And even after Jairzinho hung up his boots, he had one consequential function to perform: unearthing Ronaldo, who has gone on to become another legend of the FIFA World Cup.There is some similitude between Jairzinho and Etienne Mattler: the French defender was also born on Christmas Day, in his case in 1905; he was too a robust yet curiously agile player; and he likewise participated in three FIFA World Cups, which earned fut 15 coins him the distinction of being one of only four men to have turned out in all pre-second world war editions of the competition. Mattler also served Sochaux infallibly, helping them win the only two Ligue 1 crowns in their history during the 1930s.

Emmanuel Amuneke, born on 25 December 1970, is another to have impressed the FIFA World Cup. Although slight in stature, he had an abundance of pace and trickery, which he used to help Nigeria top Group D en route to being edged by Italy in the Round of 16 at USA 1994. Still, his performances proved enough to earn him the African Footballer of the Year award that same year, and two years later he scored the winner in a 3-2 defeat of Argentina in the final of the Men's Olympic Football Tournament.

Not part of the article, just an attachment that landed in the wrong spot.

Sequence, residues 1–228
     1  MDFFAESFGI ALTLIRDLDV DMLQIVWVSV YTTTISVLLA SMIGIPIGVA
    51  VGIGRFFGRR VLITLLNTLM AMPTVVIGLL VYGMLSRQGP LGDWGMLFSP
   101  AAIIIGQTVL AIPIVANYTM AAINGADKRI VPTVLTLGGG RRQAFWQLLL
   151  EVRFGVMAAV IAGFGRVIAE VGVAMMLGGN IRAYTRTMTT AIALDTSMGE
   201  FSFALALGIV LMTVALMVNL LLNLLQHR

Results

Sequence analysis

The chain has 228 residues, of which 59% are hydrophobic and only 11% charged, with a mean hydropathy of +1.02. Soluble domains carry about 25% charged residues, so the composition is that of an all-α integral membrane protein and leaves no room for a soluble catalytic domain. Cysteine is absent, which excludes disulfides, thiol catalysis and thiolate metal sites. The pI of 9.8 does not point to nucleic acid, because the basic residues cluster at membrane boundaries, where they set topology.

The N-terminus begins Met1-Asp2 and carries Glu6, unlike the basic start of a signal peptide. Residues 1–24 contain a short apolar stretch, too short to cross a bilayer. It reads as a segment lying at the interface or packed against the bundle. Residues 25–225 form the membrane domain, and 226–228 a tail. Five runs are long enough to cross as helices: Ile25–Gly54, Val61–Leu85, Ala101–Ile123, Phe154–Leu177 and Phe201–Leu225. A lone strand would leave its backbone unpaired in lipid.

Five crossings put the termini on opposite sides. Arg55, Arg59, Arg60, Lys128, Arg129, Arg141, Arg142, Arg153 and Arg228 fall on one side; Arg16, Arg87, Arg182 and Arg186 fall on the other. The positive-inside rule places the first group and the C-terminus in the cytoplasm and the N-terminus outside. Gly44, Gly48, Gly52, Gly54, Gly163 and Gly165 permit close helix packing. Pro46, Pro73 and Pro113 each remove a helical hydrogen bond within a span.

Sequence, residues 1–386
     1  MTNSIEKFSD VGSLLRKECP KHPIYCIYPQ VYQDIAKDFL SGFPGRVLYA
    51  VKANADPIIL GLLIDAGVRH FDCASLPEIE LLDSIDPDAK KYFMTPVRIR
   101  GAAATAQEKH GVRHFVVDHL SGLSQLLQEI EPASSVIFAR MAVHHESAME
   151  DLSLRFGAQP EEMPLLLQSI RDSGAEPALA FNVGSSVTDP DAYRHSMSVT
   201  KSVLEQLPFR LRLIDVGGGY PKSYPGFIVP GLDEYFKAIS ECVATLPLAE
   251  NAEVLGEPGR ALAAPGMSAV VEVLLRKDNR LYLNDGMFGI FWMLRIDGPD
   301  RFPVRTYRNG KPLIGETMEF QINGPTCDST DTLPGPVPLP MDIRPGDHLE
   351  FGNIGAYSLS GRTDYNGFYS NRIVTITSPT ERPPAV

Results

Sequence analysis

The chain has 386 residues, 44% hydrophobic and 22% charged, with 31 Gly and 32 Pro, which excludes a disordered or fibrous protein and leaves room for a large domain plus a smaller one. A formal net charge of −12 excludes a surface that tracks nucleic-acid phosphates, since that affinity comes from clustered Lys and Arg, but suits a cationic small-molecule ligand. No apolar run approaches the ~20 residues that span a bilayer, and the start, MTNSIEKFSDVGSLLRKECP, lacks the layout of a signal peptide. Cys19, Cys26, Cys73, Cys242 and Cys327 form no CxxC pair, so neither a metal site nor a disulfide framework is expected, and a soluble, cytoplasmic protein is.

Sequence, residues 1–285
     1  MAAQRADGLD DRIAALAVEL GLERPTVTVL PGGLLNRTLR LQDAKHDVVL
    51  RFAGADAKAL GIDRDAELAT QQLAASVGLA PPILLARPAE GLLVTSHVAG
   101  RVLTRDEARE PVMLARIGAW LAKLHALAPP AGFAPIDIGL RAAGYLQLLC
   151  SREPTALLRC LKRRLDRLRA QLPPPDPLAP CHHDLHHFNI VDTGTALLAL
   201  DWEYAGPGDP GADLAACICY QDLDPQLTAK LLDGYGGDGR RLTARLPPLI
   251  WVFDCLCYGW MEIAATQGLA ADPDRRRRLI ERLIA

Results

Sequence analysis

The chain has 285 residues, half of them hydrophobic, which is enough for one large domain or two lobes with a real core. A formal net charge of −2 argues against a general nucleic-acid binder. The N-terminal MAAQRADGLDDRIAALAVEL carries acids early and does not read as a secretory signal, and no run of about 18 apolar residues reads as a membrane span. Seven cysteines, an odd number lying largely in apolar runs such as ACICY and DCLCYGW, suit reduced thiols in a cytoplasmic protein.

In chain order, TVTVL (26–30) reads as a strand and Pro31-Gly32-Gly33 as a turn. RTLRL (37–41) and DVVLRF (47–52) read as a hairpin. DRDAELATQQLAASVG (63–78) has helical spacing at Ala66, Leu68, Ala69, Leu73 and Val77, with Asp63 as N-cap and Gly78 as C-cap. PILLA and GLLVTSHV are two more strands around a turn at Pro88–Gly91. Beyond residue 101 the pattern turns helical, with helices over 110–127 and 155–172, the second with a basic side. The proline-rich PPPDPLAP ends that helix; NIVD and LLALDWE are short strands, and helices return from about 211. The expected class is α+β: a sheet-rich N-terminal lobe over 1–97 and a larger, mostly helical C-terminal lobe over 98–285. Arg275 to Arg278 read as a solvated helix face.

Just months earlier, Gary McAllister, exactly six years Amuneke's senior, captained Scotland at UEFA EURO 1996. The appearances the cerebral, elegant midfielder made in England contributed to the 57 caps he won for his country, although he gained more acclaim, perhaps, at club level. After starring for Motherwell and Leicester City, he joined Leeds United, whom he helped become English champions in 1992.When Coventry City released McAllister in the summer of 2000, few could have envisaged that, at 36, he would ink another glowing chapter in his career with one of the world's biggest clubs. But he did just that, playing memorable roles in Liverpool's seizure of five titles in 2001. McAllister capped off an unforgettable year by receiving an MBE for his services to football.